As Alien: Covenant hits the big screen, we chart the best extraterrestrial extravaganzas.
Alien & Aliens
The godfather and godmother of films exploring extraterrestrial life respectively, Ridley Scott’s Alien and James Cameron’s follow-up Aliens were well ahead of their time upon their release in the 70s and 80s.
Fronted by original bad-ass and feminist icon Sigourney Weaver (whose depiction of Ripley gained her a BAFTA and an Academy Award nomination), the flicks were undeniably out-of-this-world (pun intended). Despite a couple of panned add-on’s, the series made an acclaimed 21st century comeback in 2012 in the from of gorgeously-shot prequel Prometheus. With Scott back in the director’s chair, Charlize Theron, Michael Fassbender and Noomi Rapace offered us an insight into where the aliens came from in traditionally terrifying style. This spring, the Prometheus sequel Alien: Convenant sees Katherine Waterson, Michael Fassbender and Billy Crudup team-up to take on the beast.
TBH, we’re still shook at that “chestburster” scene featuring John Hurt.
With a super-star cast featuring Jack Nicholson, Natalie Portman, Glenn Close and Annette Bening (to name but a few), Tim Burton’s Mars Attacks! was destined to be LOL-a-minute material.
Sticking to the classic alien-invasion format and based on the (now-collectible) trading card series which was released in the 60s, the film puts the unearthly beings into the comedy genre, rather than the usual sci-fi horror that we’ve become accustomed to. The film’s original budget was $260 million, however this was cut to $60 million by Warner Bros – which is potentially why the alien’s voice is actually a duck quack played backwards (now we get why it’s so annoying!)
Nothing will beat seeing Sarah Jessica Parker’s face superimposed on a chihuahua.
Directed by Denis Villeneuve (Prisoners, Sicario), Arrival was one of most acclaimed releases last year. Picking up eight Academy Award nominations (as well as 137 various other noms), the film followed the maxims of Mars Attacks! and sought to do something different with aliens.
With language acquisition being an integral theme, the film follows linguist Louise Banks (played by Amy Adams) and her journey to create a back-and-forth between humans and a mysterious new life-form that has arrived at eight different landing sights across the world. Laden with twists and turns that keep you guessing (no spoilers here!), pay close attention to that sub-plot – it’s a winner.
Presented through the ‘found footage’ format (as seen in cult classics such as The Blair Witch Project and Cloverfield), Neill Blomkamp’s District 9 was the dystopian film that pushed boundaries.
Exploring themes of humanity, xenophobia and social segregation, District 9 was effectively a low-key social commentary. The film explores a dystopian landscape within which an alien space-craft has landed and contains a ship full of malnourished non-human life and the story of one alien and his son who seek to escape and return to their homeland.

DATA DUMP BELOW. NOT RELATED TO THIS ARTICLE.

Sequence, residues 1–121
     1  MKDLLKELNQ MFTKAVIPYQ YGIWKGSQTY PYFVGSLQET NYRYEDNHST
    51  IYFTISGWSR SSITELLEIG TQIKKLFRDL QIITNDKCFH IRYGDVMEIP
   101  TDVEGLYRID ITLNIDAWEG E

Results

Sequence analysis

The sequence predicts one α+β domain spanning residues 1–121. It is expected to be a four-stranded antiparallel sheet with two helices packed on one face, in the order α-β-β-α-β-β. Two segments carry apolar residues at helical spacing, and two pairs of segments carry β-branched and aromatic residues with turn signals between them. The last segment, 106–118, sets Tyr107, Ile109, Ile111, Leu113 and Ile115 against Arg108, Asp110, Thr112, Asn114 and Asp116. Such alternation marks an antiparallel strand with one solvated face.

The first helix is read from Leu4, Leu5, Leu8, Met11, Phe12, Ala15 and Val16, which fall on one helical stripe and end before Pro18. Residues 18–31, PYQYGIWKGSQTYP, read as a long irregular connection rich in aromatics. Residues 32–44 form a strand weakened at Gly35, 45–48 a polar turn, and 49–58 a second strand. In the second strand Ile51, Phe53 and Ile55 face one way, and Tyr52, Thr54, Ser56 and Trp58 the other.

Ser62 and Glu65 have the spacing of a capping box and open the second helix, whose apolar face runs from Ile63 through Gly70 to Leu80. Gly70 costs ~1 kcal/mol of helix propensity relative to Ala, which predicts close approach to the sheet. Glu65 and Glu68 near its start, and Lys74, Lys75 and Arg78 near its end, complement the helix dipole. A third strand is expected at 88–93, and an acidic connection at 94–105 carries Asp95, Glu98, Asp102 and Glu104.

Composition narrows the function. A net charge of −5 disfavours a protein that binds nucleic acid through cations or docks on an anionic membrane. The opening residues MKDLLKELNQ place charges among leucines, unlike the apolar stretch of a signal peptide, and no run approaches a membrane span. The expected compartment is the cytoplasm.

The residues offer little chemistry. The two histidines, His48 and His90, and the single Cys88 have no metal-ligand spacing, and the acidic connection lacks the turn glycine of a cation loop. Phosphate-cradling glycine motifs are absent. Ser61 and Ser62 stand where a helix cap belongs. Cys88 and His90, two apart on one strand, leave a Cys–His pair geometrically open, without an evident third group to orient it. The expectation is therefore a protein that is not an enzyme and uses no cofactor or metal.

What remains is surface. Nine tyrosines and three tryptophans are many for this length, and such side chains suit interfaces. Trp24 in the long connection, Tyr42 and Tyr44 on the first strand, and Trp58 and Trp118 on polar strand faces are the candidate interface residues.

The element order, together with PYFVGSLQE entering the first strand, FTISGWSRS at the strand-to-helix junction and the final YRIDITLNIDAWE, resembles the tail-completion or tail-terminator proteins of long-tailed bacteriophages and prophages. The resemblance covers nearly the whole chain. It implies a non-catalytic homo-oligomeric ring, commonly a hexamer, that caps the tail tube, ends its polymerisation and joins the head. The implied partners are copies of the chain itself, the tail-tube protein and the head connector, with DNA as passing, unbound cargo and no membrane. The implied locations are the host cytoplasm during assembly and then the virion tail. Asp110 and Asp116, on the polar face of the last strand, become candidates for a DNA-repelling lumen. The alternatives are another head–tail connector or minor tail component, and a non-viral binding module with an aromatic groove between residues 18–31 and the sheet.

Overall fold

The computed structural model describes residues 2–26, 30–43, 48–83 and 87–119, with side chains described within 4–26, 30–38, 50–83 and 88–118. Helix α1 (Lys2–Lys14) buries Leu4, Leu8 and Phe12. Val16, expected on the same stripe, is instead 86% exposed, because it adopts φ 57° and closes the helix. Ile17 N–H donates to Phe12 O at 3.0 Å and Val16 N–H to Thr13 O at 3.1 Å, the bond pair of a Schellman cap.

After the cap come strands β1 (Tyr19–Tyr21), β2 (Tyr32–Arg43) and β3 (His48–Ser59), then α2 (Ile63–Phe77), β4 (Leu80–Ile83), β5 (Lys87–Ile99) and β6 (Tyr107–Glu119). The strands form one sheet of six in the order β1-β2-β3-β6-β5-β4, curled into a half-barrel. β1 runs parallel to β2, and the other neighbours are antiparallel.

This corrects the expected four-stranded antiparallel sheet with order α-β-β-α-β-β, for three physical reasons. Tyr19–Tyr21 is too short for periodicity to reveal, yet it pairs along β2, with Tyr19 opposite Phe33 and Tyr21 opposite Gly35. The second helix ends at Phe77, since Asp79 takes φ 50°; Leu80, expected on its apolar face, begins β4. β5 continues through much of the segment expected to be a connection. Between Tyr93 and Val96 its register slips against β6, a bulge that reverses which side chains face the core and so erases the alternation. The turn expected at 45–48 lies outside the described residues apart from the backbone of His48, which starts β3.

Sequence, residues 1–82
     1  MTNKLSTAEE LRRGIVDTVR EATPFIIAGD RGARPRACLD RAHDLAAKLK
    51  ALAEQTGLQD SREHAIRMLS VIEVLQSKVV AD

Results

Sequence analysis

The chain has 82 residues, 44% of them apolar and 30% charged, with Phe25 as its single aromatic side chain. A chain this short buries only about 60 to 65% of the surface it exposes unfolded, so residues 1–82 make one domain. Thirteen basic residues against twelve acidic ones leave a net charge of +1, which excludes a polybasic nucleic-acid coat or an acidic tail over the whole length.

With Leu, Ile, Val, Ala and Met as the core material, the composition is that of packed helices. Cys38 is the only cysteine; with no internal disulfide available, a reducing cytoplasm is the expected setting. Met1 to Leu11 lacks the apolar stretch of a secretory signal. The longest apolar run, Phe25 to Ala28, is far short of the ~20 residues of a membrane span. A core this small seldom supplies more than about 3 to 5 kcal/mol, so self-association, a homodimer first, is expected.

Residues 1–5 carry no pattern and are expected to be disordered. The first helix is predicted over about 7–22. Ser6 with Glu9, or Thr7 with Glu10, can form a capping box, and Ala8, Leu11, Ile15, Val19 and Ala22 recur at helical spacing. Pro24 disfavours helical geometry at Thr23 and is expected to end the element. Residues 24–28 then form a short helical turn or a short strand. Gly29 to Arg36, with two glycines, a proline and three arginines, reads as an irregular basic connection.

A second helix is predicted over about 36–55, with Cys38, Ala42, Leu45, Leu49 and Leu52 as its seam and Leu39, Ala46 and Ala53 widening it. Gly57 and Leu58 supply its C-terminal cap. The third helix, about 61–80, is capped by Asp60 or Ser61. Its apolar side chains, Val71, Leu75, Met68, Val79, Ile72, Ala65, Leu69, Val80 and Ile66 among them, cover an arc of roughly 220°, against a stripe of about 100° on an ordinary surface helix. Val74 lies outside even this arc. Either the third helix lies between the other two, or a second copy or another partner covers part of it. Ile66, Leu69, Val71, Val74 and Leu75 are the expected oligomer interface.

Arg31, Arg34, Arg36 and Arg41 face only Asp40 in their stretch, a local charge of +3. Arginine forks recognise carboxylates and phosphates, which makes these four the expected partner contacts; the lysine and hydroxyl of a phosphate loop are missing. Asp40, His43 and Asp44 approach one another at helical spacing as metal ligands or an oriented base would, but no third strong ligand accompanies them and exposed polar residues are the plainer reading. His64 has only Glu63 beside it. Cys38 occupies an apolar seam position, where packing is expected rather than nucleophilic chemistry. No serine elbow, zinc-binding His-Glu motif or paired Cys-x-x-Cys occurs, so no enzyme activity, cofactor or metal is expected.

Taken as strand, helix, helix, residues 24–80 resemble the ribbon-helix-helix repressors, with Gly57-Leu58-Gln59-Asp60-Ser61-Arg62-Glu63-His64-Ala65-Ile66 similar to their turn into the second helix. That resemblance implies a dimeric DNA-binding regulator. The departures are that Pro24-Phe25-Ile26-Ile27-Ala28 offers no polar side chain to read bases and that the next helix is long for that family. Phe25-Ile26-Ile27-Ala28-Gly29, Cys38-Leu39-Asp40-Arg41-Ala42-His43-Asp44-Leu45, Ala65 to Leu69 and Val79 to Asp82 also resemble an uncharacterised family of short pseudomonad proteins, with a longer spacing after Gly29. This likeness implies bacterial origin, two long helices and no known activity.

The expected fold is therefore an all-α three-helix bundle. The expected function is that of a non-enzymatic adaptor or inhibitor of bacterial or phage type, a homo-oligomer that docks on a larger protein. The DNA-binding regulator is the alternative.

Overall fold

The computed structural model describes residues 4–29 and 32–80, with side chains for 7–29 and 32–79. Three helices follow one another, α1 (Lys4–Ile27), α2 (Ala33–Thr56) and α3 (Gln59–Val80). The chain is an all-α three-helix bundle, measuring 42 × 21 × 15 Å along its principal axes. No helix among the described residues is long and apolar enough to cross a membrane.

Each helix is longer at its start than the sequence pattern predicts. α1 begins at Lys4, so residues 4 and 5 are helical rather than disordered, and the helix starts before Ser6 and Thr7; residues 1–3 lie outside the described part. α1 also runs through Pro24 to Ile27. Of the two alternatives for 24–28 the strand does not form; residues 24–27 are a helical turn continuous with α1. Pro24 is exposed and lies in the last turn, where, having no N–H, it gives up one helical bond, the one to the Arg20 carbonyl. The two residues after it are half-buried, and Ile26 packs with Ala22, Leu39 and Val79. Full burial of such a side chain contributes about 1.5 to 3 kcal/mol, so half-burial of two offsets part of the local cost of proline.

Mimicking the imagery that appeared throughout the film, the marketing campaign for the film was much discussed, involving posters stating HUMANS ONLY; it also included a free phone number to call in the event that you saw an alien. An estimated 33,000 calls were made to the number and a large portion of these left voicemails with claims of extraterrestrial sightings.
A sequel has long been discussed, with Blomkamp saying that he wanted to create District 10. Watch this space.
Starring a young Kurt Russell and directed by John Carpenter (Halloween, Escape From New York), The Thing unites Antarticta with aliens when a team of scientists uncover non-human life-form buried beneath the snow.
With an interesting take on extraterrestrial life, the antagonist consumes members of the group and as a result, turns into their doppelgänger, making it difficult for the group to decide who is real and who is an imposter.
Despite it becoming a cult-classic amongst film fans and ranked as one of the greatest horror films of all time, it initially under-performed at the movies. Many people believe that this is due to the release of Steven Spielberg’s E.T: The Extra-Terrestrial which was released two weeks earlier and Ridley Scott’s Blade Runner being released on the same day.
Regardless, it’s since become a classic.
Under The Skin
Ranked as one of the best films of its release year, Under The Skin was effectively 13 years in the making after Jonathan Glazer decided to adapt Michael Faber’s book of the same name in the year 2000, following the release of his crime epic, Sexy Beast.
The film’s main and only well-known actor was Scarlett Johansson, who was chosen in order to obtain studio support (in part) and because, despite her acting prowess and celebrity status, she has the ability to walk down the street unnoticed. A large amount of the scenes were filmed using a secret camera which captured unscripted conversations with men in the street in order to make the film as authentic as possible.
ET the Extra-Terrestrial
It’s pretty much synonymous with sci-fi cinema (and therefore totes predictable), but we couldn’t chart the best alien-featuring films without mentioning Spielberg’s E.T. the Extra-Terrestrial, which was pretty much the defining flick of the 80s.
Regularly replayed as the Sunday night classic on UK television, there’s not much need to give an outline of the plot as you’ve more than likely seen it and are well aware of Elliott and his new-found bestie, E.T.. Also, there’s something super special about seeing a baby faced Drew Barrymore.
More recently, everyone’s fave Netflix show, Stranger Things, borrowed influences from E.T. and references from the original film appeared consistently throughout the series – only further highlighting that it remains a winning formula.